HONG KONG - Asian markets began 2014 mixed on Thursday, with another record-breaking close on Wall Street offset by a slowdown in Chinese manufacturing growth.
Trading across the region remained quiet after the New Year break, while the dollar held on to its recent gains against the yen.
Hong Kong rose 0.65 per cent, Sydney added 0.42 per cent, Seoul was 0.31 per cent lower and Shanghai eased 0.18 per cent. Tokyo and Wellington were closed for public holidays.
US shares gave a positive lead going into 2014, with investors in New York upbeat after a string of strong data indicating the world's top economy is getting back up to speed.
The Dow added 0.44 per cent and the S&P 500 gained 0.40 per cent in Tuesday trade - both new records - while the Nasdaq rose 0.54 per cent to hit its high for the year.
The Dow gained 26.5 per cent in 2013 - its best percentage rise in more than 15 years - while the S&P 500 advanced 29.6 per cent, marking its strongest jump since 1997.
However, while the performance in New York provided a catalyst for buying, figures showing that factory activity in China had slowed weighed on sentiment.
On Wednesday, Beijing's official Purchasing Managers' Index (PMI) for December came in at 51.0, down from November's 51.4 and below the median 51.2 forecast of eight economists by The Wall Street Journal.
Anything above 50 points to growth while a figure below indicates contraction.
It marked the 15th straight month of growth but it is the first time the figure has dipped from the previous month since June.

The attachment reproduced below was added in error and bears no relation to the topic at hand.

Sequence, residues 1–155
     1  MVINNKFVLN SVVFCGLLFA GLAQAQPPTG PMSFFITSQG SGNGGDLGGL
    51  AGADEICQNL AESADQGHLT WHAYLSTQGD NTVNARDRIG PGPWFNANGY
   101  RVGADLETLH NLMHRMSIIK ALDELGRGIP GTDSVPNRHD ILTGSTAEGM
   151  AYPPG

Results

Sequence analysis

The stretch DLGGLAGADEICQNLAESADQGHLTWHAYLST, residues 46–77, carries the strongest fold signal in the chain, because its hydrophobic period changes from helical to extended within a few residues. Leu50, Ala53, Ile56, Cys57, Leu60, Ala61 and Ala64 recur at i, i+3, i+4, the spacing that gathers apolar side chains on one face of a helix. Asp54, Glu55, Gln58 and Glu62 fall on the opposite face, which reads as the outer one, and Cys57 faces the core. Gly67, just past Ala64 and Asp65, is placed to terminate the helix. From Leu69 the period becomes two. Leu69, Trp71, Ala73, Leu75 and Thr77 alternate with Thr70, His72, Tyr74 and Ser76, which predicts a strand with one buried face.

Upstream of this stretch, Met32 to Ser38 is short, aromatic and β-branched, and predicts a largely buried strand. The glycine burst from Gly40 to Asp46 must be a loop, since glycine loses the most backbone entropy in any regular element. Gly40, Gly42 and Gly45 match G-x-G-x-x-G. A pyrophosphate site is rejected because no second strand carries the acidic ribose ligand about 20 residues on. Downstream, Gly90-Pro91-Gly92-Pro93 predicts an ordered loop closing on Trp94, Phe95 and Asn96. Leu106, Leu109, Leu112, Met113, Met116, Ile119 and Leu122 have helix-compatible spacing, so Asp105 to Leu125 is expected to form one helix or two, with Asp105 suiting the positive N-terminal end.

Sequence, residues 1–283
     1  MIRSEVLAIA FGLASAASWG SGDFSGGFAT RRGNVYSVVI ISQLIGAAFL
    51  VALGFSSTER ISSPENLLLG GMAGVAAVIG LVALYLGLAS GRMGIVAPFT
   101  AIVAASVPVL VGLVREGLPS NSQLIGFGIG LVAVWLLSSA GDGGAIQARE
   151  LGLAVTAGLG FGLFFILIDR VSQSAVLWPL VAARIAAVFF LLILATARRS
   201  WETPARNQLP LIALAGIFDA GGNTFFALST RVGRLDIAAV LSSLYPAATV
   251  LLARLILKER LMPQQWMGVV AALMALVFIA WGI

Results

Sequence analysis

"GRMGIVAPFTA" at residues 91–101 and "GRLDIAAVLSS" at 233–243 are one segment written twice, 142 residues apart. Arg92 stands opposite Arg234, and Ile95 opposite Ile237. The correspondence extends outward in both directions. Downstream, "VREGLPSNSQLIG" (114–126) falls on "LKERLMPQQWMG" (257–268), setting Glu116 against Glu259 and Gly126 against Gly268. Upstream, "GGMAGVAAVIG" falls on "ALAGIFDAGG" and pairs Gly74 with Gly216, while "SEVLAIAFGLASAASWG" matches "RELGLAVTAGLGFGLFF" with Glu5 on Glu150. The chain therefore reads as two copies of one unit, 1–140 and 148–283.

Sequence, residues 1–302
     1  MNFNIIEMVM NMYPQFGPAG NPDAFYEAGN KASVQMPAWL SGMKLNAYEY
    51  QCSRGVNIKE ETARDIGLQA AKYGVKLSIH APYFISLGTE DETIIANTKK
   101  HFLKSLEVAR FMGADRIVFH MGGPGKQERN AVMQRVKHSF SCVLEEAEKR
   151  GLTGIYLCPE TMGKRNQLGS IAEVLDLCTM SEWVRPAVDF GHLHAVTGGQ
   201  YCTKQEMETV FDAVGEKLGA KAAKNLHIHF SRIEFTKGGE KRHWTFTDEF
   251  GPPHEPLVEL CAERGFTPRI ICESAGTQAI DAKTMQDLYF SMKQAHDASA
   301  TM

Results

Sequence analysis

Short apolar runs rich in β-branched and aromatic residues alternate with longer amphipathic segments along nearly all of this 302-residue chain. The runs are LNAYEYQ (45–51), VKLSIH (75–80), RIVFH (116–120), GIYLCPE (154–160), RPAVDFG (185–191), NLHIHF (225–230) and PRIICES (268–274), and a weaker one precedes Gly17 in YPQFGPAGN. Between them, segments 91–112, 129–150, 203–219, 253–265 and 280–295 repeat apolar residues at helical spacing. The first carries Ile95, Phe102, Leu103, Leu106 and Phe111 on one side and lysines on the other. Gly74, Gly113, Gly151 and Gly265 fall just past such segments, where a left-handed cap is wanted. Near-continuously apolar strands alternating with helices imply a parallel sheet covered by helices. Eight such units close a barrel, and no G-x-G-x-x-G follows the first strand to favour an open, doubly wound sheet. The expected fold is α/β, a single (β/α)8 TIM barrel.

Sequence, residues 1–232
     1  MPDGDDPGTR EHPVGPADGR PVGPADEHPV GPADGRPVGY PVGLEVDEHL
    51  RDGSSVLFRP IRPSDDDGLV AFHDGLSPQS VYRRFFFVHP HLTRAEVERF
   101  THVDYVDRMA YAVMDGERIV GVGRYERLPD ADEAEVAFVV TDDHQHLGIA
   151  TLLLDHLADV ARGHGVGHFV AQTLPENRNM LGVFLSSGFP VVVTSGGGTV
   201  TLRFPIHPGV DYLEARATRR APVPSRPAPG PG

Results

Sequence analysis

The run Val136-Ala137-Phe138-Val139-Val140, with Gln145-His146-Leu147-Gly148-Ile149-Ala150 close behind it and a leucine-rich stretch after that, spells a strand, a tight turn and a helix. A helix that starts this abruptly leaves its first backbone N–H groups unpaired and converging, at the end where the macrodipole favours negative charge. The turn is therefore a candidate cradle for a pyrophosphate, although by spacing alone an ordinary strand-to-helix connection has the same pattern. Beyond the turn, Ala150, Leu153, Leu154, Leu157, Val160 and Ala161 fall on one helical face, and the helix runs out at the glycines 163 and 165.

On Thursday, HSBC said its China PMI dipped to 50.5 last month from 50.8 in November.
The results raised concerns about the state of the world's number two economy - which is a key driver of regional and global growth - with analysts fearing it has slowed in recent months despite a pick-up in the middle of the year.
Shanghai stocks have also been hit by worries over a share glut and a liquidity crisis as Chinese initial public offerings restart from Thursday after a year-long ban.
On currency markets, the dollar sat around five-year highs of 105.26 yen (S$1.26) in Asian early trade, against 105.33 yen in New York on Tuesday.
The euro bought US$1.3751 (S$1.73) compared with US$1.3753 while it was also at 144.83 yen from 144.89 yen.
Oil prices rose. New York's main contract, West Texas Intermediate for February delivery, was up 27 cents at US$98.69 in early Asian trading while Brent North Sea crude for February rose 22 cents to US$111.02.
Gold fetched US$1,213.09 at 0230 GMT compared with US$1,198.89 late Tuesday.